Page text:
A tiny new Foyles store, and a dingy looking comics store on Bond Street, don’t make up for all of these losses.
The book is ceasing to be a physical thing to the general public in so many ways.
Another good Dewey quote:
Since growth is the characteristic of life, education is all one with growing; it has no end beyond itself. The criterion of the value of school education is the extent in which it creates a desire for continued growth and supplies means for making the desire effective in fact.
We thus reach a technical definition of education: It is that reconstruction or reorganization of experience which adds to the meaning of experience, and which increases ability to direct the course of subsequent experience.
More from Postman:
What one can study are the meanings readers assign to literary works. What people call ’literature” does not exist on paper. The only thing you will ever find on paper are black marks.
Alfred North Whitehead made the point that taxonomy is the death of science. And, we would add, the memorization of taxonomies is the death of education.
—So, what do you think of iBooks, Kindle, and the like?
One of the benefits of having spent such a long time in academia (there aren’t many, but this is one) is that whenever there is an academic conference in the city you live in, there’s a decent chance you can wrangle a free ticket.
Last Friday I went to the i-docs conference at the Watershed, a hullabaloo on interactive documentaries, webdocs, etc. Basically, it covered all forms of interactive non-fiction.
I generally find conference panels and talks to be boring at best, and infuriating twaddle at worst, and these certainly didn’t rise above the crowd.
There’s nothing a conference talk can deliver that wouldn’t be better served by a good blog post.
Which is probably the reason why the i-docs conference site is full of blog posts, videos, and discussions.
But, I digress.
As always, the true worth of a conference is in the attendees and the true value you get is from discussions and conversations in between the sessions. And judging from what I heard in those conversations, the future of interactive non-fiction won’t have ‘book’ anywhere in its name.
‘Too little. Too late. They completely missed the boat.’
The responses I got to my question on what they thought of ebooks as a platform ranged from a polite disinterest to a complete and unequivocal dismissal.
Instead, the focus was on the web and on apps.
People from Mozilla were in attendance, showing off what Firefox can do. Accessible and rich web development tools were demonstrated.
It’s easy to understand why those two platforms have such a large mindshare among documentarists and interactive media developers.
On the one hand we have the web, a platform that is perfectly aligned with the one true goal of most non-fiction projects: to spur action. Documentarists are often ideologists and activists. The don’t make documentaries to make a living. They want to change the world. The web is natively a community platform, so it directly complements interactive documentaries in ways that an isolated interactive ebook cannot.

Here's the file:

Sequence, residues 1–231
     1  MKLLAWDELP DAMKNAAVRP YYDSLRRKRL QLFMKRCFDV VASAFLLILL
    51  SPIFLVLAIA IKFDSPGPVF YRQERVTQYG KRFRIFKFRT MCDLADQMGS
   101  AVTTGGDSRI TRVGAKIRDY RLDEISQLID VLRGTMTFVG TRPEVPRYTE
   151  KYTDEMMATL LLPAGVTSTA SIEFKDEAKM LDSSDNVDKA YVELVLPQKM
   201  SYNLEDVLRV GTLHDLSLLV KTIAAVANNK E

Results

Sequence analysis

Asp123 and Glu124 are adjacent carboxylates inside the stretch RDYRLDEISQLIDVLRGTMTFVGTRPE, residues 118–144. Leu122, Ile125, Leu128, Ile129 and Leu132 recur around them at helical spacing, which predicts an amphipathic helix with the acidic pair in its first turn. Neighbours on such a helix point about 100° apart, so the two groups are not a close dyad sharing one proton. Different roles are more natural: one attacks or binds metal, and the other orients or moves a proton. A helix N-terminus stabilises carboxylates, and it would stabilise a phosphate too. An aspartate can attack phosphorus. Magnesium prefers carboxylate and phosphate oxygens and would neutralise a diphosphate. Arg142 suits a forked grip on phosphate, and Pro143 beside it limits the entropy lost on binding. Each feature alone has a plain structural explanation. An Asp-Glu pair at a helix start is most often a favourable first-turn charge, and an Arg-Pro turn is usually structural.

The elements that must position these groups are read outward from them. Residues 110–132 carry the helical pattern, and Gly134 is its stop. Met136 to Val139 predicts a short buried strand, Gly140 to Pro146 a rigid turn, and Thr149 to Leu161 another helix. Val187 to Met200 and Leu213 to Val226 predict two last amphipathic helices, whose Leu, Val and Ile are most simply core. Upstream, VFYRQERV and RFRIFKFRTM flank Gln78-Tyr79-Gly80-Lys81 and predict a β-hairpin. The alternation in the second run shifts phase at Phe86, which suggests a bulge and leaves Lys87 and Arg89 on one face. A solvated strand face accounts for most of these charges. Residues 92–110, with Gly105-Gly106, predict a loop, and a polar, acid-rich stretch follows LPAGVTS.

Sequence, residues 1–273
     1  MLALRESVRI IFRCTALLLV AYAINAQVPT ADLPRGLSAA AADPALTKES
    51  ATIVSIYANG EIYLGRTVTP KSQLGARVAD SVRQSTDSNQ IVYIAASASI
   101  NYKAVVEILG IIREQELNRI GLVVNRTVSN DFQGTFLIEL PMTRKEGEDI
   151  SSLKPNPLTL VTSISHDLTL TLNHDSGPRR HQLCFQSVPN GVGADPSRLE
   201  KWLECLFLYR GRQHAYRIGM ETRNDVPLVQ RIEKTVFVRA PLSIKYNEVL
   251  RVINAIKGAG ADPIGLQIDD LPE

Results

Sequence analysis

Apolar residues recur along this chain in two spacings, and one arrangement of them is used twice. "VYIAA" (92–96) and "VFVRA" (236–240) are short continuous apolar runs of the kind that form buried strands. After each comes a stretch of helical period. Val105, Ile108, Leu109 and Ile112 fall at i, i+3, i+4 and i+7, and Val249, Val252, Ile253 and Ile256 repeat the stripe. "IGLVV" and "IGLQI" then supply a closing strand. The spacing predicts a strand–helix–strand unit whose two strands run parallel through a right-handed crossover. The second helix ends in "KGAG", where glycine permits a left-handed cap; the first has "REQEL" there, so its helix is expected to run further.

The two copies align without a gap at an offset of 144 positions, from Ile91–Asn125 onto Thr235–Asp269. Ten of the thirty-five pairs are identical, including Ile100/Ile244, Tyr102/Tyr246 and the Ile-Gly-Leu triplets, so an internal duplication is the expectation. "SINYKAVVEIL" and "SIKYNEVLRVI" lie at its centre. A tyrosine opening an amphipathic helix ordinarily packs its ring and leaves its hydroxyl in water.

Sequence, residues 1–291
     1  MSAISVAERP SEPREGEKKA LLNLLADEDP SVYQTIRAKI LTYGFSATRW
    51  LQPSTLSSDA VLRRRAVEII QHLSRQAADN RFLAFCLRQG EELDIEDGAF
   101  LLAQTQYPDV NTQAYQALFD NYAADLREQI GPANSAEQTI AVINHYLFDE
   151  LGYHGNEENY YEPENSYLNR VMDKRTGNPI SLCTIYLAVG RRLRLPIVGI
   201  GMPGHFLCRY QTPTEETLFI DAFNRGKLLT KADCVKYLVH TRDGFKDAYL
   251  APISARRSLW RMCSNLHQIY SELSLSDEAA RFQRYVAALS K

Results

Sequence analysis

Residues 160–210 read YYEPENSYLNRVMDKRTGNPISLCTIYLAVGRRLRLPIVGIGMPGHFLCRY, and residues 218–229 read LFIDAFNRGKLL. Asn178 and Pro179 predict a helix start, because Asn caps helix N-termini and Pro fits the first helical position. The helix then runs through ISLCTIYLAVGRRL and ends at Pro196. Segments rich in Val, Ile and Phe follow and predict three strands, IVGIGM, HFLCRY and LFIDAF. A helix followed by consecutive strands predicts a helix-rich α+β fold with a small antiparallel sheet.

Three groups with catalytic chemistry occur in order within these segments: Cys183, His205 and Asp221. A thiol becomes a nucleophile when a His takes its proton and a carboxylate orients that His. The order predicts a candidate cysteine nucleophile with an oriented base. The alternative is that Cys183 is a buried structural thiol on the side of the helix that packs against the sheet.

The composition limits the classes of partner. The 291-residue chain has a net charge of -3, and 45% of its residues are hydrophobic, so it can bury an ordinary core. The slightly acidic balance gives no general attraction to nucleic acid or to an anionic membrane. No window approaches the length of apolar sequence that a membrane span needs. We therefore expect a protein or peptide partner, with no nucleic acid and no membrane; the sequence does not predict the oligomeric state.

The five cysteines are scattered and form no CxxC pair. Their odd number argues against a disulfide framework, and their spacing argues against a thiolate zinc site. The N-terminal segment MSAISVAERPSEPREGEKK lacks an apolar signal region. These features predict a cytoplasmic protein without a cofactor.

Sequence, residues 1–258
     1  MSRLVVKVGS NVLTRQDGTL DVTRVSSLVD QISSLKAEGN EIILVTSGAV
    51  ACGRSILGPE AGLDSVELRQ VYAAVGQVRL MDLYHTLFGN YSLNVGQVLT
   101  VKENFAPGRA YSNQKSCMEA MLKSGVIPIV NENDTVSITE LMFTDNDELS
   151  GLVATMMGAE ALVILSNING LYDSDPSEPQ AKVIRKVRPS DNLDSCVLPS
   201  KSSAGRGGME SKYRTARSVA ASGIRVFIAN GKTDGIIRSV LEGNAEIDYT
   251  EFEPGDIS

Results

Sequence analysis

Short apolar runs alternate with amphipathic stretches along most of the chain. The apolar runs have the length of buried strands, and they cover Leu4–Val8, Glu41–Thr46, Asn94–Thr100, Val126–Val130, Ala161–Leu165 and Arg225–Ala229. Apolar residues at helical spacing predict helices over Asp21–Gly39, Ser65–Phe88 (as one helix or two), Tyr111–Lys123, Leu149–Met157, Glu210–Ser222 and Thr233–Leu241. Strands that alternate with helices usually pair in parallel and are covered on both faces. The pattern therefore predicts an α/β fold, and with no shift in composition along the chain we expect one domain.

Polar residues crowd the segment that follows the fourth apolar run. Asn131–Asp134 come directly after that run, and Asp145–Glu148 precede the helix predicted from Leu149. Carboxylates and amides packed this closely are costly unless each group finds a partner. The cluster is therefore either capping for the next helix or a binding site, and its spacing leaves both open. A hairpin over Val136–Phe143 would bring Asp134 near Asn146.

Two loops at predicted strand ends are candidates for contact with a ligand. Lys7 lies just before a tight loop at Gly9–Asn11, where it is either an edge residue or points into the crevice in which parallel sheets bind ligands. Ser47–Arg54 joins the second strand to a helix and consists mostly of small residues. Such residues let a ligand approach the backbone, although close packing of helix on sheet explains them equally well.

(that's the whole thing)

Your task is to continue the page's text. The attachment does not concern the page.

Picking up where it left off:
On the other hand we have apps, a platform that isn’t as limited as the web and can take advantage of the capabilities of modern hardware and mobile technologies to a much greater extent. It is a platform for experimentation, for new things. And, if your project is interesting and playful enough, it might even generate enough sales to pay for development and bootstrap your next project.
Interactive media is in full bloom. It has capable platforms, a massive audience, and revenue.
Some of that revenue comes from direct sales. Some of it is based on volunteer work and donations. Some rely on indirect revenue, e.g. using interactive media to sell something else; an interactive documentary to sell a DVD documentary and the like. One woman there was making an interactive documentary for a condom manufacturer on how condoms were manufactured.
Most of these people have no interest in interactive ebooks.
Some time last year, I went to a talk by my friend Tom Abba. He was outlining some of the lessons he’d learned from a recent project of his where he mailed a bunch of really gorgeous art prints to a bunch of really smart people, with the hope of drawing them into an involved interactive narrative experience.
It’s hard for me to judge his project accurately, having helped out on several stages and followed it for a longer time than seems possible, but one of the things he said stuck with me. (And it wasn’t the first or last time he said it, either.)
I’m paraphrasing now, but it was something along these lines: The first thing we need to do for interactive narrative to grow is to give up on the name ‘book’.
Like ‘horseless carriage’ it binds us to an outmoded way of thinking. By using another name, we shed our expectations and can more accurately explore the capabilities of the medium.
He may well be right.
Another Dewey quote:
We never educate directly, but indirectly by means of the environment. Whether we permit chance environments to do the work, or whether we design environments for the purpose makes a great difference.